Polar bears’ Arctic home in Alaska will be designated as a “critical habitat,” the U.S. Fish and Wildlife Service (FWS) said last week. The zone encompasses approximately 187,000 square miles of onshore barrier islands, denning areas, and offshore sea ice.
“The critical habitat designation clearly identifies the areas that need to be protected if the polar bear is to survive in a rapidly melting Arctic,” said Brendan Cummings, senior counsel with the Center for Biological Diversity, in a statement.
The final designation of critical habitat includes three areas. The habitats are barrier island (coastal barrier islands and spits along Alaska’s coast); sea ice (areas over the continental shelf used for refuge from humans); and terrestrial denning (lands within 20 miles of the northern coast of Alaska between the Canadian border and the Kavik River). An estimated 96 percent of the sea ice habitat is designated as critical habitat.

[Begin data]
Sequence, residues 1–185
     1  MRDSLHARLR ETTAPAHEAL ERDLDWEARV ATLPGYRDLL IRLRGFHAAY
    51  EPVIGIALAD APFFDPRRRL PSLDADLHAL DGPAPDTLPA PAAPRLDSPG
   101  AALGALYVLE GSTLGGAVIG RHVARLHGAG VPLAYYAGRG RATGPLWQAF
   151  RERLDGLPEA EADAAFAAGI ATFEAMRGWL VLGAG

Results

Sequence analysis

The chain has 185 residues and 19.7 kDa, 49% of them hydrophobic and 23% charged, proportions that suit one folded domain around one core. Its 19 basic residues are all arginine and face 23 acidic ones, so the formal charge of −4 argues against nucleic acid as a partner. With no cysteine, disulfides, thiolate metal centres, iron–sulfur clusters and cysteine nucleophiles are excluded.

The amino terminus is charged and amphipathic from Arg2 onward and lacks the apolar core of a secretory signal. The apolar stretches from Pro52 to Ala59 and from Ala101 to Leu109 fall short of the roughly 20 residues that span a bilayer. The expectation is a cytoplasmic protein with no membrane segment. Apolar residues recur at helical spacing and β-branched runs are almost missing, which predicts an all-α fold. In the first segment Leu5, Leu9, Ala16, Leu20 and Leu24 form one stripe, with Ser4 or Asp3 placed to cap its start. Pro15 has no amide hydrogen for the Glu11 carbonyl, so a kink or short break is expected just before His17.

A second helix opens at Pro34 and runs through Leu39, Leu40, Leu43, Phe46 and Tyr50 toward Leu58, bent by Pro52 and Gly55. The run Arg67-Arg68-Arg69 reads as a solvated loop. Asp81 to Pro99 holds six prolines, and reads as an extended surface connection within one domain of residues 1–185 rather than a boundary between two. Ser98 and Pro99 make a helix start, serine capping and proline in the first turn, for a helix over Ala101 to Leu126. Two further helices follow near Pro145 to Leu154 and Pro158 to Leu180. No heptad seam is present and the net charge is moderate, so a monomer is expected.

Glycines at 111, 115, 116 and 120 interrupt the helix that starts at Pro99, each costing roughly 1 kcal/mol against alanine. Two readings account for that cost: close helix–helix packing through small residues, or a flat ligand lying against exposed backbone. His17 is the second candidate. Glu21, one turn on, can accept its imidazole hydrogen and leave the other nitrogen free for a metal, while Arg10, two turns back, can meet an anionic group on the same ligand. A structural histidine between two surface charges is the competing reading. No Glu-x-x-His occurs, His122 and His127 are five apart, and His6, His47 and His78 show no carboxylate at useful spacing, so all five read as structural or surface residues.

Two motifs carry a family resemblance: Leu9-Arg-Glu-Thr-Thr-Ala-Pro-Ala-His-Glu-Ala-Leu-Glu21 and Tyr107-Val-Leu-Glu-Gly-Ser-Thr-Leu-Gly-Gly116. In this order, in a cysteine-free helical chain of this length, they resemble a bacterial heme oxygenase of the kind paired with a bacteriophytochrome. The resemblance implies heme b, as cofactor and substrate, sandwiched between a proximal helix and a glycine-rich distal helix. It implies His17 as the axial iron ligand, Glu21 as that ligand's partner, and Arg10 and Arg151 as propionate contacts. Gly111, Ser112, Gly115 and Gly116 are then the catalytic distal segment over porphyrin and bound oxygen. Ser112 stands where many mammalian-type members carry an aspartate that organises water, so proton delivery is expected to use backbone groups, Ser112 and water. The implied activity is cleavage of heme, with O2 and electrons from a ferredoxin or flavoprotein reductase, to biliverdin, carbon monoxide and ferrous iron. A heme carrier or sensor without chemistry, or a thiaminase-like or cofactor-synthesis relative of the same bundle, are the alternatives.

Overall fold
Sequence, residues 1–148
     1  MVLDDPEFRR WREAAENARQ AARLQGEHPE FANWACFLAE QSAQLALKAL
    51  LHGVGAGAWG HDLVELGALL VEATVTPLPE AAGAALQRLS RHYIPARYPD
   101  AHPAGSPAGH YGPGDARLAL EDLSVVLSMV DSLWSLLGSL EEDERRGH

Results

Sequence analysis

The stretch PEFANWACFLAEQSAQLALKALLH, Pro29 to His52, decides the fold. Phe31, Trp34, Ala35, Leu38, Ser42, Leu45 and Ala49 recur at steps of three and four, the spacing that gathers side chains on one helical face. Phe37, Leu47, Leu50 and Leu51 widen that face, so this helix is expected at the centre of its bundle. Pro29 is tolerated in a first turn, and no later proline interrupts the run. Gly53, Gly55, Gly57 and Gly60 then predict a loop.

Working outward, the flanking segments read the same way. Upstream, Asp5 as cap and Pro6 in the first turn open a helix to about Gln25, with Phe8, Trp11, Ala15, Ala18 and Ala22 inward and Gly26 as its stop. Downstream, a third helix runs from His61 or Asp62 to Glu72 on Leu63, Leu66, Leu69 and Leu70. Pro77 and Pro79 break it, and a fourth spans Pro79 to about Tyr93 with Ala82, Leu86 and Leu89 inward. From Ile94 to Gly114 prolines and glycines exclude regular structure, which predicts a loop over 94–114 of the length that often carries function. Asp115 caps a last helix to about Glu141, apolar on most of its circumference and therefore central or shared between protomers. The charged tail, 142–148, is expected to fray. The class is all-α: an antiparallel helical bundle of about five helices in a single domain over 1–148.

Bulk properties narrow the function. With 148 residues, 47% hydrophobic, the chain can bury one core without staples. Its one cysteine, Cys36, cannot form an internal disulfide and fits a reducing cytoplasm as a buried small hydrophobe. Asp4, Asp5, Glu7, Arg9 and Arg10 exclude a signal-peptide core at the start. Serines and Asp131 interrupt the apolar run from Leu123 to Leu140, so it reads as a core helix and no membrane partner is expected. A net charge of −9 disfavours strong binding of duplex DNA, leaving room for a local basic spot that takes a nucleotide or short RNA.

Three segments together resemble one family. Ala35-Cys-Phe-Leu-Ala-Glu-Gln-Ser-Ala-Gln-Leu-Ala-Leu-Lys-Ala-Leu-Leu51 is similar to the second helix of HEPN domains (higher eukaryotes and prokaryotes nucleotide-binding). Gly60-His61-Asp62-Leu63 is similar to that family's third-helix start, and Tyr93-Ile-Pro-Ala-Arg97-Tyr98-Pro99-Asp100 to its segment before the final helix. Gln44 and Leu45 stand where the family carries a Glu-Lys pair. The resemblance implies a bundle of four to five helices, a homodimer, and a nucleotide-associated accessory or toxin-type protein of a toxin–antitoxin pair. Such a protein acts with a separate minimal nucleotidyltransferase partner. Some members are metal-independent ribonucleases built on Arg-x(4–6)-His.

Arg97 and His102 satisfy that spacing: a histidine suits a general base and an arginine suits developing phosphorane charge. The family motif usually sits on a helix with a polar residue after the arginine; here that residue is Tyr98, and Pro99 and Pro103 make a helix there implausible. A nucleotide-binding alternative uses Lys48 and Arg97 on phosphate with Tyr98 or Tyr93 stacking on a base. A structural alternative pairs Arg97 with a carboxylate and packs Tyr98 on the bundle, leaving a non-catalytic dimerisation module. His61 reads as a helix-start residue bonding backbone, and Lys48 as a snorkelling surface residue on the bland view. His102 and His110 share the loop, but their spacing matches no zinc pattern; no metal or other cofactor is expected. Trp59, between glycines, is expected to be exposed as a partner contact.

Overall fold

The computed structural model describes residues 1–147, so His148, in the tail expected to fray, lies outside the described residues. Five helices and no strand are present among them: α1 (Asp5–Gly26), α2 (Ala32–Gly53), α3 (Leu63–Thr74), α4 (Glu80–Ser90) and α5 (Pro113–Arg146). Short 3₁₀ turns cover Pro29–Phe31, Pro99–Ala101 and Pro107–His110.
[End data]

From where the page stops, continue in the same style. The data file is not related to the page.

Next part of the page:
According to the Center for Biological Diversity, the Department of the Interior is considering if oil companies will be allowed to drill for oil in the bears' critical habitat in the Chukchi and Beaufort seas off Alaska.
President Obama halted drilling plans earlier this year, when he shut down offshore drilling in many areas of U.S. coastal waters in response to the BP oil spill.
The Chukchi Sea and the Beaufort Sea are the only places in U.S. territory with polar bear populations and thus provide “critical habitat” for the polar bears, according to FWS. There are about 1,500 polar bears in the South Beaufort Sea, and the population of the Chukchi Sea is unknown.